There is too much of the wrong sort of corporate governance. There's a real danger that risk-taking and innovation will be stifled by over-prescriptive controls that leave companies unresponsive to market needs and public services hampered by red tape.
In the private sector, the reaction to too many corporate scandals has been ever-increasing governance. The same applies in the public sector, where some ministers have recently said that new legislation such as the Freedom of Information Act will make it impossible to govern.
So how can we be certain there is a balance between prudence and entrepreneurialism and yet ensure the golden goose is free to produce golden eggs? At Serco we face this issue daily. We've developed a decentralised approach that allows us to be responsive to the needs of our customers but within a clear framework of control that stands up to scrutiny by our stakeholders.
People often ask how a company like Serco can balance a portfolio of more than 600 contracts in 30-plus countries. It ranges from running Docklands Light Railway in London and being responsible for children's education in Walsall through to flight control centres in many countries around the world - and yet we do it day after day and win awards for it.
The answer is to embrace the best aspects of corporate governance and minimise the burden of the rest. We believe that managers should be able to spend 90% of their time managing and 10% reporting, and not the other way round. So does this mean that we're taking undue risk?
Quite the contrary. Our own internal research, Good People Good Systems, asked some of our most senior managers why the same people could produce better results in the private sector than they were able to produce - often in similar jobs - in the public sector.
The response was wide-ranging, but one prominent aspect was the appetite for risk - taken within a tightly defined management framework, which places much emphasis on personal accountability. So what does the model look like?
It is necessary to have a strategic plan at every level of the business, and the same applies whether you are running a hospital, a prison or a manufacturing plant. This plan needs to consider aspects such as the ability to grow and to sustain that growth; operational performance; safety performance; leadership and staff development; community involvement; risk management; and key relationships.
This doesn't mean that one plan will fit all. If you're to fire the enthusiasm of managers, the governance model must accommodate different market needs and encourage entrepreneurialism and balanced risk-taking. We treat each contract as a micro plc. We establish a board, which includes 'non-executive directors' from different areas of the business. This model helps to achieve a balance between devolved responsibility and the need for corporate control.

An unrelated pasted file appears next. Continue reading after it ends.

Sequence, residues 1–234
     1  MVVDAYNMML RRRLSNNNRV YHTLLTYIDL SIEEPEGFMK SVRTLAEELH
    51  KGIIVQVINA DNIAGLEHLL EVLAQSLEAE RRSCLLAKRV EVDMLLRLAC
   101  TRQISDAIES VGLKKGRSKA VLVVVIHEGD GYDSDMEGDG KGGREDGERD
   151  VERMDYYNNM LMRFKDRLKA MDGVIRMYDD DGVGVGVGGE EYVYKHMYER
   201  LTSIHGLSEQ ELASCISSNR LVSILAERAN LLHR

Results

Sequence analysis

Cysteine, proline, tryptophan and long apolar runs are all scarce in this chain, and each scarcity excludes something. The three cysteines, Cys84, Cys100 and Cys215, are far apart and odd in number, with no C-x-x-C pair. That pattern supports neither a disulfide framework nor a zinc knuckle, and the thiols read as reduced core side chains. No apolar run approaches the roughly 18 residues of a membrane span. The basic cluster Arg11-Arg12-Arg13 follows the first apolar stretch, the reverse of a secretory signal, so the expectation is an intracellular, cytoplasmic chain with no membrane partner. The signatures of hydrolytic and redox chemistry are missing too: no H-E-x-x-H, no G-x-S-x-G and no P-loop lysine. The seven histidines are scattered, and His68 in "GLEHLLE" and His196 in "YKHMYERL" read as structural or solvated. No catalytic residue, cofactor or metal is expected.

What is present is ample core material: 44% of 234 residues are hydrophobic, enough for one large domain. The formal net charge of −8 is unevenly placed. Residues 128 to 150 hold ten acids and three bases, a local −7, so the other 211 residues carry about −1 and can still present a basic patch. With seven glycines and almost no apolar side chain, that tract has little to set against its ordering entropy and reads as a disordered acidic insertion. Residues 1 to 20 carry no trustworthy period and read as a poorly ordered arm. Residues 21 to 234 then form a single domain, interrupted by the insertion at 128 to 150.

There is always a temptation to retain control at the top of an organisation, but the downside is loss of flexibility at the sharp end of the business.
In other words, the tight control at the top may just deprive the golden goose of the oxygen it needs.
So how do you get the balance right? The key is to make sure that each manager throughout the business feels part of the risk management process and does not assume that someone else is managing the risks. In Serco, the people across the business are actively supported by our corporate assurance group, which has responsibility to oversee and review the internal controls and risk policies. This team is responsible for guiding and training the management throughout the organisation to ensure the current and future needs of the business are met. Consequently, we maintain a risk register at every level of the business that identifies the probability of each risk, its potential impact and the actions being taken to manage it. To be effective, these techniques must be applied with clarity of accountability and with clear delineation of responsibility, backed up with certain formal policies on, for example, safety and environmental protection.
This is where our approach differs from that of traditional corporate governance. We do not believe you can be sure that your golden goose is in rude health by conducting a tick-box audit. This carries the risk of becoming too prescriptive and risks rejecting golden eggs because they are smaller than standard.
As we see it, corporate governance must also ensure that stakeholders' interests are properly recognised and so should consider business, legislative and community drivers. For example, as well as procedures for managing the finances and the people, processes are needed to ensure social responsibility and ethical behaviour.
So if we are in business to make a profit, we must take considered risks and have adequate procedures to avoid, manage and mitigate those risks.
To do so, we need to distinguish between boldness and recklessness; between good judgment and good luck. If we can't, then corporate governance will not save anyone from his or her folly.
CV - KEVIN BEESTON has worked in both financial and commercial roles since joining Serco in 1985. He was group finance director 1996-99 and CEO 1999-2002, becoming executive chairman in May 2002. He is on the CBI's President's Committee, deputy chairman of the CBI's Public Services Strategy Board, a council member of Business in the Community, and a non-executive director of Ipswich Town Football Club.